Misleading coverage fuels policy uncertainty and doubt, reducing investment security and industry development. Disinformation hurts the industry and retards its—and our nation’s—progress
The Fox Business example is not a singular incident. Some mainstream media around the world have a tendency to publish misinformed or, worse, systematically and falsely negative stories about renewable energy. Some of those stories’ misinformation looks innocent, due to careless reporting, sloppy fact checking, and perpetuation of old myths. But other coverage walks, or crosses, the dangerous line of a disinformation campaign—a persistent pattern of coverage meant to undermine renewables’ strong market reality. This has become common enough in mainstream media that some researchers have focused their attention on this balance of accurate and positive coverage vs. inaccurate and negative coverage.
Tim Holmes, researcher for the U.K.’s Public Interest Research Centre (PIRC), points out press coverage is important because it can influence not only “what people perceive and believe” but also “what politicians think they believe.” […]
The disinformation campaign about job creation is not limited to Europe. A Cato Institute article claimed that if people believe a commitment to renewables will fuel job growth “we’re in a lot of trouble.” Yet in 2012 alone, more than 110,000 new U.S. clean-energy direct jobs were created, and in 2010, the U.S. had more jobs in the “clean economy” than in the fossil-fuel industries. The Bureau of Labor Statistics reportsthat direct employment in May 2012 totaled 181,580 for oil and gas extraction, 87,520 for coal mining, and 93,200 for iron and steel production. BLS doesn’t similarly classify solar or wind jobs, but reputable analysts have determined from bottom-up industry surveys that in September 2012, for example, the U.S. had 119,016 direct solar jobs (89 percent full-time, the rest at least half-time), up 27 percent in two years—more than in steel-making or coal-mining. Had you heard that before? Why not?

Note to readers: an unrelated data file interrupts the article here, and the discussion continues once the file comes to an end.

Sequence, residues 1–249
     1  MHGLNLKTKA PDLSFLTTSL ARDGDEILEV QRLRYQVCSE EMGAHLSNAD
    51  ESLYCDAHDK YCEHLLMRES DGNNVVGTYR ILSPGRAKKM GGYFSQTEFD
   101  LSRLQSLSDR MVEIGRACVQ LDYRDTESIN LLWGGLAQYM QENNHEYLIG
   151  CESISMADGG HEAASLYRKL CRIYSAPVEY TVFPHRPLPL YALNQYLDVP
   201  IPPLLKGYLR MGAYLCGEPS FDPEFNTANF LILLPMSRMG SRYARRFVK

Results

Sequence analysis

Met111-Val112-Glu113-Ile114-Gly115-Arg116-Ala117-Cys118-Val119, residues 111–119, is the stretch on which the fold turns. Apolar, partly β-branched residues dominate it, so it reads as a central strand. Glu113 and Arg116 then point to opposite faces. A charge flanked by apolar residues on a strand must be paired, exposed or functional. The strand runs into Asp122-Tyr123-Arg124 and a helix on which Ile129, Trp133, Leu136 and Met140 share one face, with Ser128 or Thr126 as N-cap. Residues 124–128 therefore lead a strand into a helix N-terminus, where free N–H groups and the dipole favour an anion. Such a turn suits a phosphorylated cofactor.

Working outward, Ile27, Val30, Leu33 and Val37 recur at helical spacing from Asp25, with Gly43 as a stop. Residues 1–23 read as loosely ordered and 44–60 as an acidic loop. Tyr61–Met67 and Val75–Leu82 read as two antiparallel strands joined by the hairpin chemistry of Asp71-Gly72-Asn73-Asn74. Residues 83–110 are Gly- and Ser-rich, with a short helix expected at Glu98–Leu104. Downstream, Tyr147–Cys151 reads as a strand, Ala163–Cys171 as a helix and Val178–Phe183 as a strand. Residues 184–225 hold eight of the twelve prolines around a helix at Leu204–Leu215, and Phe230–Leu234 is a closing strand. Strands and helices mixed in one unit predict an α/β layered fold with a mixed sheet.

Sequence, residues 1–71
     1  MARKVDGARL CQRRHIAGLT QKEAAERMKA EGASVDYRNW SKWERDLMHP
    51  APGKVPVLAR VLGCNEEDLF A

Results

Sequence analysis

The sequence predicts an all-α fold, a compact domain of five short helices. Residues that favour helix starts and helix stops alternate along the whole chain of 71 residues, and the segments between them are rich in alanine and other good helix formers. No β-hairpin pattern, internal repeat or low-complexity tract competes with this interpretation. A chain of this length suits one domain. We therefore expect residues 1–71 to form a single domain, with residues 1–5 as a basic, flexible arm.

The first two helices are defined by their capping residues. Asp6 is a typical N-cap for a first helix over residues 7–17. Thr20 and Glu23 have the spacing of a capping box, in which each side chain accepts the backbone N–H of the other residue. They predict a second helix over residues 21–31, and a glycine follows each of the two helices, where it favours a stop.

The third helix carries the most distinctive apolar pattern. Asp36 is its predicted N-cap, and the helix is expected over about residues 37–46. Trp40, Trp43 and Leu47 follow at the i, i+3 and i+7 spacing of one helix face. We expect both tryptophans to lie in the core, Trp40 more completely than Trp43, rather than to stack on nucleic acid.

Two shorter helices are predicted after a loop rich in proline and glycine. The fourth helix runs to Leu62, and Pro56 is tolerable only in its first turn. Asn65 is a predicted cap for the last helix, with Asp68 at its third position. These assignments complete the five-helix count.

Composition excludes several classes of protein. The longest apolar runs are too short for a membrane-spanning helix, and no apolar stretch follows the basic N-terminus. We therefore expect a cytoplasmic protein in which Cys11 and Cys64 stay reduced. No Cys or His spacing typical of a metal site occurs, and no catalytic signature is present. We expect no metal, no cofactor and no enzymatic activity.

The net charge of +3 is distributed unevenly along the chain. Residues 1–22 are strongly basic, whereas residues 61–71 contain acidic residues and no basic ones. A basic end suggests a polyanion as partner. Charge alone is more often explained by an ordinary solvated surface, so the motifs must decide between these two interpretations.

THE COST OF DISINFORMATION
The sad truth is that the debate on clean and renewable energy is unbalanced, and seldom by accident. The CCGroup’s study showed that only 10 percent of articles focusing on renewables even contained comment from a spokesperson from the renewable energy industry. This violates basic journalistic standards. Renewables must be a part of their own conversation. Much of the conversation on renewables is misinformed and misrepresented. And when bad news does happen, says ACORE president and retired U.S. Navy Vice Admiral Dennis McGinn, opponents of renewables are pushing it “as if it’s the only news. They are dominating the conversation through misrepresentation, exaggeration, distraction, and millions of dollars in lobbying and advertising.”<
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